The "Night at the Museum" franchise is a well-marbled combination of crowd-pleaser and box office success. While none of the entries in this series have reviewed anywhere near Academy Award level, there's no denying the draw of these family-friendly films.

This is actually my first "Night at the Museum" experience. Even though I was working at the Hays movie theatre when the first film came out in 2006, I never got around to seeing it -- or its 2009 follow-up. Even though I'm not typically a fan of Ben Stiller, I rather enjoyed "Night at the Museum: Secret of the Tomb."

First and foremost, the film makes good use of special effects, costumes and set design. The production staff has done an admirable job representing the various creatures and historical figures that come to life each night with believable effects that are appropriate to the setting.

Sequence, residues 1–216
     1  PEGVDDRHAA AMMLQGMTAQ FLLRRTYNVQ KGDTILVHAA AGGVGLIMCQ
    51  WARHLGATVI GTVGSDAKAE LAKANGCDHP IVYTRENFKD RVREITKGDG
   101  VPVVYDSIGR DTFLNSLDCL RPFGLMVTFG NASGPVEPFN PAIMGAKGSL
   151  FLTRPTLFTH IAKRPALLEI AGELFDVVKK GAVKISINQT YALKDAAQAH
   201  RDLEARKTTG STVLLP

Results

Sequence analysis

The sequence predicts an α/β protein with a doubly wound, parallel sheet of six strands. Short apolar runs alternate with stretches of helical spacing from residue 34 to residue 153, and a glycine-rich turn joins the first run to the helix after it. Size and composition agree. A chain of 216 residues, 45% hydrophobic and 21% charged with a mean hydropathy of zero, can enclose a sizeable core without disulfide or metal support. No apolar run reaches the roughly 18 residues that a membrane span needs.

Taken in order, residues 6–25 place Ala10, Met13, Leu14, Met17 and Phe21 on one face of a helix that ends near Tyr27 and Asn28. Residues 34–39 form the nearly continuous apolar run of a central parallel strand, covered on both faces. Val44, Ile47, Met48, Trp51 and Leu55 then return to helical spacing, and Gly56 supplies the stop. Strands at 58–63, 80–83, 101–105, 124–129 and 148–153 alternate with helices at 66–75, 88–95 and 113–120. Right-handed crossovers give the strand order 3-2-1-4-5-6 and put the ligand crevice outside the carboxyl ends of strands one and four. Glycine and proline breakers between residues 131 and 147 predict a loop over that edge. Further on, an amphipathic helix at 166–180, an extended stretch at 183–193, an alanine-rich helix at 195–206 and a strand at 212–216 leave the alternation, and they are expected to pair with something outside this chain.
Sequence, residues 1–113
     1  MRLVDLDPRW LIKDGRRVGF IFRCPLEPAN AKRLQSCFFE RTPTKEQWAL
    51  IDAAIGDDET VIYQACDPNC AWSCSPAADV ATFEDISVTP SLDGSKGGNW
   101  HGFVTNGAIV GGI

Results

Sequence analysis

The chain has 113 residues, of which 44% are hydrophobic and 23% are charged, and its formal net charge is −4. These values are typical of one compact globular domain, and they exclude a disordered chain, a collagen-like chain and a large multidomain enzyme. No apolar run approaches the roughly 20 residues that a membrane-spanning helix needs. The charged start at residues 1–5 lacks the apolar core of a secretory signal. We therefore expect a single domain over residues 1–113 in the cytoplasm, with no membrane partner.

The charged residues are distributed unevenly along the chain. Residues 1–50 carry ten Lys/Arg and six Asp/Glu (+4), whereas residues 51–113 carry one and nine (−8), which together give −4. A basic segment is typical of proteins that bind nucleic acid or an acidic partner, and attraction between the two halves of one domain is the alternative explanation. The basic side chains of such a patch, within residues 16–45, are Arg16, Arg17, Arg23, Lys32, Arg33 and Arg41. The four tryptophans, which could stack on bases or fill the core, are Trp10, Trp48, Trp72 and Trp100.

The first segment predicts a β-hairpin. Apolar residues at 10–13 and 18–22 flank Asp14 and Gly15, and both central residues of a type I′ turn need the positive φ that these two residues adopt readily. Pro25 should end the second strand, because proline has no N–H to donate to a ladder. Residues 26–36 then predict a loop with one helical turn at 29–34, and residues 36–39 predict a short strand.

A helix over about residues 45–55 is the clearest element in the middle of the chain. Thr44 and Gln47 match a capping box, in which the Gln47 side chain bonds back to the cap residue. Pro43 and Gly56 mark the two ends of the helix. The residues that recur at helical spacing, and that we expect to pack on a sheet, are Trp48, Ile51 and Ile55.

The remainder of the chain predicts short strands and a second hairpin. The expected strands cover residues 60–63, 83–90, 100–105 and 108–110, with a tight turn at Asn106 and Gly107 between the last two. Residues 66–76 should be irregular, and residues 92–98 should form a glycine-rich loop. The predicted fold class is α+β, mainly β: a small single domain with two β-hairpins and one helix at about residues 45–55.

"Secret of the Tomb" sports a strong and varied cast that are, unfortunately, not used to their full potential. Rebel Wilson, who played Fat Amy in "Pitch Perfect," joins the cast as a security guard at the British Museum. Wilson, while funny, is cast to play yet another incarnation of the same bumbling character. There's an undercurrent of sadness to Robin Williams' performance that was more noticeable than it should have been, given unfortunate recent events. The point being, I know this cast is capable of better performances, given better direction.

All in all, "Night at the Museum: Secret of the Tomb" was a short, enjoyable trip to the movies. There's nothing Academy Award-worthy here, but the experience did elicit a smile from time to time and that, in and of itself, is worth the price of admission. If a film can make you smile, make you think, inspire you or give you a deeper appreciation for the things you have in your life, those feelings alone are worth the price of admission.

4 of 6